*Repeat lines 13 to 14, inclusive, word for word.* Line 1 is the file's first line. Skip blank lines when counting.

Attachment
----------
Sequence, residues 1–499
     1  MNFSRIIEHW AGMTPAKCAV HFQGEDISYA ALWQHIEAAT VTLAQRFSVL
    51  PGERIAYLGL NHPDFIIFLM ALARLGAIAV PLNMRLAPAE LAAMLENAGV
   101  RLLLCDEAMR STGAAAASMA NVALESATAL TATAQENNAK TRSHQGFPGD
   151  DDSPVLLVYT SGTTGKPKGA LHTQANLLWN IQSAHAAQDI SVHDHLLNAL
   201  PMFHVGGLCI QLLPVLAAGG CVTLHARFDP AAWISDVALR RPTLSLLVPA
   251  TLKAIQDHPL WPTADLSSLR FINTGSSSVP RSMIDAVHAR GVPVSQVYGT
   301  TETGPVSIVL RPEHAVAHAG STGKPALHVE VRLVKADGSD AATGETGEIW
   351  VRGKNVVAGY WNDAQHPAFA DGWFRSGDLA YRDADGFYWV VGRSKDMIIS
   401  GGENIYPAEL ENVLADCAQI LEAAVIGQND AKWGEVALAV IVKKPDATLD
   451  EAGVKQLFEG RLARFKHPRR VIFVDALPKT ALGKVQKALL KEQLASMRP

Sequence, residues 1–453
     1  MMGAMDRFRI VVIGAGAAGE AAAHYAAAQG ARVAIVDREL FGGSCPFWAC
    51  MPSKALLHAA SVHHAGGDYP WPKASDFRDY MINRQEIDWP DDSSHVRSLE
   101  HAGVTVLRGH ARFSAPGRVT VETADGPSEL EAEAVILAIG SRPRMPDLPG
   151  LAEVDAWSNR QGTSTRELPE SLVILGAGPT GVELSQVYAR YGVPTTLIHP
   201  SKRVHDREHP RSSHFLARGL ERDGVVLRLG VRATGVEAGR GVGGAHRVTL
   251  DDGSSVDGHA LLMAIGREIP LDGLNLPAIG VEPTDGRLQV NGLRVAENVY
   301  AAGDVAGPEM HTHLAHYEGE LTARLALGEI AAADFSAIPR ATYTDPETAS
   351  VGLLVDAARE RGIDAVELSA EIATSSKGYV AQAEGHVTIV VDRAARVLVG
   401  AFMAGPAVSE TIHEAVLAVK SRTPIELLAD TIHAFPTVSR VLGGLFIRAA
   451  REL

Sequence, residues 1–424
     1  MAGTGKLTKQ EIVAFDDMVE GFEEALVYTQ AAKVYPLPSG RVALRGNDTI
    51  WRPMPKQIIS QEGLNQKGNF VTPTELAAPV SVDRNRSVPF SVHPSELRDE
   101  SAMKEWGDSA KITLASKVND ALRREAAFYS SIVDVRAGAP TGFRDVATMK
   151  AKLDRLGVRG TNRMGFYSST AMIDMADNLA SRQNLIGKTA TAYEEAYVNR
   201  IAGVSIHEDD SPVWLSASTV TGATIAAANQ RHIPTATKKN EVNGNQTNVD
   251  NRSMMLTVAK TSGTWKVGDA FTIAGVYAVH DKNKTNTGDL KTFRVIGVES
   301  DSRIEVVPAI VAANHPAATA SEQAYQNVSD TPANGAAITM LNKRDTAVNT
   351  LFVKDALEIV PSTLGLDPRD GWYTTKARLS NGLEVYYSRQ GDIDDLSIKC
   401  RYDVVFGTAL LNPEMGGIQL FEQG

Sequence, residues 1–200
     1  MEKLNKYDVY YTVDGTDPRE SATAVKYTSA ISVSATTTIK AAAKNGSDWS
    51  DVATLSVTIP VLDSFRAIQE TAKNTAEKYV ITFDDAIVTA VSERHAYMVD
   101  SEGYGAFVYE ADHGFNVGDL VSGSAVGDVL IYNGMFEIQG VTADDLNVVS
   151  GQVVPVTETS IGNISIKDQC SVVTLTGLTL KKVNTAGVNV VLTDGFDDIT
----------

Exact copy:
     1  MMGAMDRFRI VVIGAGAAGE AAAHYAAAQG ARVAIVDREL FGGSCPFWAC
    51  MPSKALLHAA SVHHAGGDYP WPKASDFRDY MINRQEIDWP DDSSHVRSLE